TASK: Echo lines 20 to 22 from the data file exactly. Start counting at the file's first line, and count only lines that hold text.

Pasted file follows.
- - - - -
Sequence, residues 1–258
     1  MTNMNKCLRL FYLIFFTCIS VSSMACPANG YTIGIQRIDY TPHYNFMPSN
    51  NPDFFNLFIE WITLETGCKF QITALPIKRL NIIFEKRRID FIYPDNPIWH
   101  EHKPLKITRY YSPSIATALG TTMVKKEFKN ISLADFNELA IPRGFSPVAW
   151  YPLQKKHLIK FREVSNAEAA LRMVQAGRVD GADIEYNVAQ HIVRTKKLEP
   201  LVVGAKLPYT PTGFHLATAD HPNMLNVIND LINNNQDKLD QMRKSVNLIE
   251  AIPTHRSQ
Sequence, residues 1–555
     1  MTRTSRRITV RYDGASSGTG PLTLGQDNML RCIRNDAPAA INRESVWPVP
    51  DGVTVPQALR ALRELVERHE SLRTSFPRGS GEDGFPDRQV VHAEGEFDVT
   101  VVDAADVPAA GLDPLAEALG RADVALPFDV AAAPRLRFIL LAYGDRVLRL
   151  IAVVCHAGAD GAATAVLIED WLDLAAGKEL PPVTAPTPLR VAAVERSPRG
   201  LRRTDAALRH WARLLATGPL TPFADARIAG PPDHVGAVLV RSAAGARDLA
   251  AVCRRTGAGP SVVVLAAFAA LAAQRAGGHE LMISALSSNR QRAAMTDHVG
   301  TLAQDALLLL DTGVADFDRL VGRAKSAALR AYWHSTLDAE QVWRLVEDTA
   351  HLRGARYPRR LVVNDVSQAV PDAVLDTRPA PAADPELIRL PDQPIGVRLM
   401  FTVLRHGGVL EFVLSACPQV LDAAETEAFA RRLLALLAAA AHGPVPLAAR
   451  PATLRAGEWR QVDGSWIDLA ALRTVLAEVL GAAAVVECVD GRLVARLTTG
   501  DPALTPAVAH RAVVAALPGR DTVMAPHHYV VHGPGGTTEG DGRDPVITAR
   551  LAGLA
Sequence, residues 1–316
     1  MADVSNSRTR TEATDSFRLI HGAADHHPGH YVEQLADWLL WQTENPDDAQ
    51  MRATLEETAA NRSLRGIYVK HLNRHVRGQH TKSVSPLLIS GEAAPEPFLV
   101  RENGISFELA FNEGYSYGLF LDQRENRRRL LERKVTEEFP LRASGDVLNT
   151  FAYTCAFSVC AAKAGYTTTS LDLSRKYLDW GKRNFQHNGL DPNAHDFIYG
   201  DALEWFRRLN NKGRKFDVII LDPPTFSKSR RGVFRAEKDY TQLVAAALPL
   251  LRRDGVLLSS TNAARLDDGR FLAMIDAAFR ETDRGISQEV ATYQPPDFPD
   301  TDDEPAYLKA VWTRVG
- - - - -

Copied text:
   551  LAGLA
Sequence, residues 1–316
     1  MADVSNSRTR TEATDSFRLI HGAADHHPGH YVEQLADWLL WQTENPDDAQ